Life old and lone: 'I can take care of myself'
There is a stench in the slightly cluttered one-room rental flat of Mr Neo Chuan Beng, 62.
The wheelchair-bound man had kept us outside the flat for 5 minutes, hollering in Hokkien from the flat that he had to do his business.
As soon as we entered the flat last Thursday, Mr Neo turned on a small, old fan - and the smell disappeared after a while.
Mr Neo is unable to use the toilet, relying on diapers and a portable toilet, which he wraps with plastic bags to be disposed.
He is unable to take a bath on his own and pays $4.20 each time for a cleaning up service twice a week.
Mr Neo, who moves around in an electric wheelchair, he has been living in the same flat at Beach Road for more than 40 years. He has been living alone for 26 years after his mother died.
He is one of 800 elderly residents under the watchful care of Peace Connect, a voluntary organisation located near his flat.
The plight of seniors who live alone came under the spotlight after an 82-year-man who was living alone had his arm stuck in a pipe for more than 12 hours before he was discovered by his son.
But Mr Neo, who lost the use of his legs about 10 years ago, told The New Paper that he prefers to live alone.
"If I live with someone else, there might be conflict. It's very hard to say what they will do to you. They could kick you or even kill you.
"I will just be extra careful since I'm alone. I keep all my things within reach so that I wouldn't need help from others," he said in Hokkien.
The youngest in a family of four children, Mr Neo keeps in touch only occasionally with a brother.
Formerly working as a runner at a coffee shop, he is under the Public Assistance Scheme and gets $450 a month.
Every Wednesday and Friday, someone helps him bathe and clean up his flat.
If he pays $8.40 for each session, the organisation will send two people, which makes the cleaning process faster. But it's too expensive, he said.
"Money is tight. I have to think about my meals during the weekends and public holidays."
On weekdays, he pays 50 cents for his meals at Peace Connect, where he also spends his time, chatting with residents.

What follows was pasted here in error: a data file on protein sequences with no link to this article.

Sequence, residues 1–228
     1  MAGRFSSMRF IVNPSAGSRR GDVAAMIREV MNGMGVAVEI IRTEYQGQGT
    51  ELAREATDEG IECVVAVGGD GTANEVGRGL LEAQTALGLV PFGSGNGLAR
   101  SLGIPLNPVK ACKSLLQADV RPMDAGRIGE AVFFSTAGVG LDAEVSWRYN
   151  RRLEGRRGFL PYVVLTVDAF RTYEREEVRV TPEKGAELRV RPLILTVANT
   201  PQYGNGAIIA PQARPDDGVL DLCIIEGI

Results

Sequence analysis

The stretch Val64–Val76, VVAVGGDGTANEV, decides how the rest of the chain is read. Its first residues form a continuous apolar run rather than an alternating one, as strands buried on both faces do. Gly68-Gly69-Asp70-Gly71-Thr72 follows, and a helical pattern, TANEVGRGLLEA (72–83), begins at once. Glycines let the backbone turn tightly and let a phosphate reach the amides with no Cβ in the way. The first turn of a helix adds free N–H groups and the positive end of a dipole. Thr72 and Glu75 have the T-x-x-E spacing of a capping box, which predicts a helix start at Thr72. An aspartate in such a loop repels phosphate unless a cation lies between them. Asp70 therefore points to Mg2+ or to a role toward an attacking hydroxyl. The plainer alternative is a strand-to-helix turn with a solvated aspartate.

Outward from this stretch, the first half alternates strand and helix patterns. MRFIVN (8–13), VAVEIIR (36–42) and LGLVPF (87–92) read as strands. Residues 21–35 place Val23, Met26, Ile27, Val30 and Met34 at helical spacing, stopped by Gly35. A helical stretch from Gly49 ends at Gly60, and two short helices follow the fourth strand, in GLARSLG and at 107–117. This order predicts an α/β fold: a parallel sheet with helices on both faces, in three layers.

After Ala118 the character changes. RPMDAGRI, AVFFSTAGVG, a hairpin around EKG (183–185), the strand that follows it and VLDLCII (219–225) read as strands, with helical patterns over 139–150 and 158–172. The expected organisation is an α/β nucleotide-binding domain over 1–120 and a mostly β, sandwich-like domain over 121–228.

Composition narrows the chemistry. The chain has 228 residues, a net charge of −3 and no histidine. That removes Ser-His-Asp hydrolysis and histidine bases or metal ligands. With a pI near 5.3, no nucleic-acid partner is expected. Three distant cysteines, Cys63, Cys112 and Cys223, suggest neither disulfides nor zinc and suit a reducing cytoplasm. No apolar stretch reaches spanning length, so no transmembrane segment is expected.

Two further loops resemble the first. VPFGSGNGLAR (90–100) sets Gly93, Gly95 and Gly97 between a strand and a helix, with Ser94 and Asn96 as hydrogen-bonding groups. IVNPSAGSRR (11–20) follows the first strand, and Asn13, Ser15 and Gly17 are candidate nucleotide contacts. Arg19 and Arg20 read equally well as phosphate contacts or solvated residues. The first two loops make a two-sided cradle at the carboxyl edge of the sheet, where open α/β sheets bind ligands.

When he's at home, most of the time is spent on a single bed, which is propped against the wall and surrounded by his necessities.
Occasionally, Mr Neo watches TV on a small set.
I can talk to you, and you are considered my friend for the day. But this does not mean we are close.Mr Neo Chuan Beng
Nimbly navigating around the tiny kitchen in the motorised wheelchair, he does simple chores such as boiling water.
The fiercely independent Mr Neo insists that he can take care of himself.
He has people to call if he needs help, although he admits that one of his neighbours is deaf and some units near his flat are empty.
When asked repeatedly if he's worried if something could happen to him when he's home alone, he finally conceded with a laugh that he gets afraid when he hears about people dying alone in their flats.
Despite being surrounded by other seniors at Peace Connect, Mr Neo finds it hard to rely on them. "I can talk to you, and you are considered my friend for the day. But this does not mean we are close.
"Ultimately, I'll have to depend on myself," he said.
More than half live alone
An estimated 50 to 60 per cent of senior citizens live alone in the one-room rental flats at Beach Road and North Bridge Road, said Mrs Lucy Tan, centre manager of voluntary organisation Peace Connect.
She explained that although the HDB's rules require two people to register for a rental flat, some still live alone because of different circumstances.
For instance, a co-tenant might have died or is in a nursing home. Other times, the co-tenant could work long hours, or the flatmates may be caught in a conflict and choose to stay away.
About 800 seniors are registered with Peace Connect, which operates from the ground level of Block 8, North Bridge Road.
MEALS AND MAIL
The organisation provides an array of services, ranging from mail reading to a meal programme.
But there are still around 400 to 500 seniors living within the radar of the centre who choose not to join for various reasons.
For those who live alone, neighbours are the "best bet", said Mrs Tan, who has over two decades of experience volunteering in the area.
The centre is also in charge of the alert alarm system, which is fitted in the homes of more than 600 residents, to be used in case of an emergency.
"We can visit them often but it's difficult to pre-empt (an emergency). Life is so fragile," she said.
Often, the challenge they face when it comes to helping the elderly is to "break through their barriers of self-reliance".
She said: "Many of them belong to a generation which have survived on their own for a long time.
"They have their pride and will say 'we are poor but we are not beggars'."